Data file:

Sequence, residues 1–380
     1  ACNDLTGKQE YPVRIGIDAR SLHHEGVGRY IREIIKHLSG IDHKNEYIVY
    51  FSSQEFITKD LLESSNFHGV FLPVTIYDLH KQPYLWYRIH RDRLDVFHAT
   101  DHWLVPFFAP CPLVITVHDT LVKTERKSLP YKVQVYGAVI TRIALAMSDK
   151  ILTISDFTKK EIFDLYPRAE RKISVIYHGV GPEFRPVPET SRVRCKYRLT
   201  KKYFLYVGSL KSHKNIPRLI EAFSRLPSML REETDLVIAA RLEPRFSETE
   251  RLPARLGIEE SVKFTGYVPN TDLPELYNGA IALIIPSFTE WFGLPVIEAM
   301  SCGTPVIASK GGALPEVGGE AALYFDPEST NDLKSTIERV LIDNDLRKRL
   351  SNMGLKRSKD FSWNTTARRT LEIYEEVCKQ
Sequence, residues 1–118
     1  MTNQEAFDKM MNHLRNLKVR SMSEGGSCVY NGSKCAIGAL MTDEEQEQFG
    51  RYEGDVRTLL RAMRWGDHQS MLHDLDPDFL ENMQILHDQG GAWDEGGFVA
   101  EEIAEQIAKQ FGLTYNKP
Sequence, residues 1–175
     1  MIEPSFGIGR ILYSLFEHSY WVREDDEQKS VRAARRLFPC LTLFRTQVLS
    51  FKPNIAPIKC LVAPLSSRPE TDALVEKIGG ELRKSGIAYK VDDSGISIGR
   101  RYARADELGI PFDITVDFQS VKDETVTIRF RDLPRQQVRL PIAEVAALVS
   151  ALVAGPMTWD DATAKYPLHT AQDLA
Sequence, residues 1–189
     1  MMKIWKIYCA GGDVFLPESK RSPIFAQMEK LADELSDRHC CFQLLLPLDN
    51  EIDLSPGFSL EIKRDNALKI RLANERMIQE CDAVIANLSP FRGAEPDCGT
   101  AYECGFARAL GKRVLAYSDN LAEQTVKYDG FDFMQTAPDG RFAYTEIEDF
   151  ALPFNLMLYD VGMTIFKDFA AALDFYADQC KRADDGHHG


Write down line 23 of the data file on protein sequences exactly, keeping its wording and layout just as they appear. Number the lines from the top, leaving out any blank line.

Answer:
   151  ALPFNLMLYD VGMTIFKDFA AALDFYADQC KRADDGHHG